12. How a tree responds to different types of fertilizers is recorded, whether that be agrochemical or organic. Does a tree have special requirements, for example does a tree need more phosphorus or sulfur in the soil that say another species? Many fruit trees need extra silica, whereas most lumber and wood trees don’t. 
  13.  Average growth of a tree species is measured and monitored. This allows a commercial planter to determine how many years the cultivation needs to be maintained and what the expected financial returns might be. 
  14.  Analysis of a native tree’s woody biomass provides information on wood quality, color and attractiveness, shows how much carbon the tree can capture, whether the fiber content of the wood can be used for pulp and paper, whether its kilo-calorie content makes it suitable for bio-energy uses like pellets, what its wood density and resistance to termites or rot is like, as well as information on its suitability for structural strength or use in applications that need elasticity. 
  15. The tree is observed to see if it is social. For example, can it be planted as a shade tree for another species, like cacao, or is it aggressive killing other species that are nearby? 
  16. Good technical profiles include investigating traditional uses for the species, such as for medicinal or alimentary, arts and crafts, general or high end carpentry, ornamental or dozens of other possible uses and applications. 

Taking soil samples is a continuous process.
At La Pedregoza we have developed a form with more than 8 pages of questions that need to be answered, many of which require several years of investigation and observation. This explains in part why having reliable, long term funding is so crucial to the creation of useful technical profiles for native tree species.

Humans require wood for many reasons, but its production should support biodiversity and be sustainable.
One of the results of this work is the establishment of cultivations of native trees, which serve another purpose as well. Those cultivations allow us to select the trees with the best genetic characteristics, in order to start to offer certified seeds to other plantations and tree growers, thereby eliminating the Ministry of Agriculture and Rural Development’s excuses for not supporting native tree species. Tree-Nation members have indirectly supported our efforts with their purchases of native tree species, something for which we are very grateful. Technical profiles may sound boring, but they are important tools of biodiversity protection, of conservation and understanding of the world around us. For us the work we do at La Pedregoza is passion mixed with dedication and love for trees. What more can one say?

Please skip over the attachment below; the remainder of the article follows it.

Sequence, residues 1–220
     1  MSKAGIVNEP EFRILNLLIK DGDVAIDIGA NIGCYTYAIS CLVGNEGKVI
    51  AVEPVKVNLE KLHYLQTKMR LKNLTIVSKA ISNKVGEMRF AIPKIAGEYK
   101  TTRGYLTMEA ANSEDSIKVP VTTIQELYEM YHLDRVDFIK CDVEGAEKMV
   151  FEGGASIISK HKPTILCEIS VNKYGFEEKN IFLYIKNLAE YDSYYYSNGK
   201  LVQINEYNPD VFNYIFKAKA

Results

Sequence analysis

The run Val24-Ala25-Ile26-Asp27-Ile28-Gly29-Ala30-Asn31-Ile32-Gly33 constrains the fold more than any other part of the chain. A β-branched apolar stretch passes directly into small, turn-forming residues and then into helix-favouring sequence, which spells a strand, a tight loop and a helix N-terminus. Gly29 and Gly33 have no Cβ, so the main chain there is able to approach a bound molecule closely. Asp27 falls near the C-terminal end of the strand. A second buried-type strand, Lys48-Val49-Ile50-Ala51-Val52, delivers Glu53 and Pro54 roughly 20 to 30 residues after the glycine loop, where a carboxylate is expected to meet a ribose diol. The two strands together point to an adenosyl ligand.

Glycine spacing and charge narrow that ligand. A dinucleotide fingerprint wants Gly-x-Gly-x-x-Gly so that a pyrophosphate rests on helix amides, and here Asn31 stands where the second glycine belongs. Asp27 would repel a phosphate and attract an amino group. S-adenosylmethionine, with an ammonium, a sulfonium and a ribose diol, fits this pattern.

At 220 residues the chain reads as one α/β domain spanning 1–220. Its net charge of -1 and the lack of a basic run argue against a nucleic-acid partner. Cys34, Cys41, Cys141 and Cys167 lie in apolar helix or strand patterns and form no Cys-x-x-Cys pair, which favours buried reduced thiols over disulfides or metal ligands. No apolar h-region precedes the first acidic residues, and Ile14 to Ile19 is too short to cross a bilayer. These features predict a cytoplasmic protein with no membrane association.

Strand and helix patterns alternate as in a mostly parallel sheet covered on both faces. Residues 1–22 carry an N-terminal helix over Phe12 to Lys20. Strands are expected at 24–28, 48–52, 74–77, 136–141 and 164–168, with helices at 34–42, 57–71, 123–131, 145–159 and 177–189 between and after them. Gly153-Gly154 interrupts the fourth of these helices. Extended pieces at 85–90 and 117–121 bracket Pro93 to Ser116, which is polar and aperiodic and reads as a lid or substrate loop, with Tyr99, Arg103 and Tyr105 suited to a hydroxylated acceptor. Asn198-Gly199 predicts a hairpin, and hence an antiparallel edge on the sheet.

© 2017 Corporación Ambiental La Pedregoza

Saturday, May 13, 2017

The Sassafras: saving an endangered species

by Dexter B. Dombro

Preferred Sassafras habitat.

In the Orinoco River basin of Colombia there are several endangered tree species. One of them is the Sassafras or Ocotea cymbarum, a member of the Lauraceae family. It is listed in the IUCN’s Red List of vulnerable and endangered species. Its North American cousin was almost harvested to extinction, in order to make root beer, a beverage that was popular in the 19th and 20th centuries, and which is sold today as a type of soda pop, but thankfully without any Sassafras-based contents. 

Ecologists meet a Sassafras

The South American Sassafras has experienced similar uncontrolled extraction, primarily for its aromatic wood used in fine carpentry, but also in order to produce safrole oil for biofuel. In the 1960’s the use of safrole oil for human consumption was banned by the U.S. Food and Drug Administration, as studies suggested it is carcinogenic, with more bans that followed by European and other authorities. However, this did not stop the harvesting of Sassafras trees for carpentry uses.

Looking for Sassafras trees.

Ocotea cymbarum grows in the gallery forests and inundation forests of the Orinoco River basin. Its preferences make it a difficult species to work with. For starters, it prefers a lot of shade, which means that it cannot be cultivated in open settings. At the Reserva Natural La Pedregoza in Vichada, Colombia, planting experience shows that only those seedlings planted inside the rain forest survive, and that any attempts to establish the tree in non-shaded areas are a failure. This greatly limits the possible sites for restoration activities with this tree.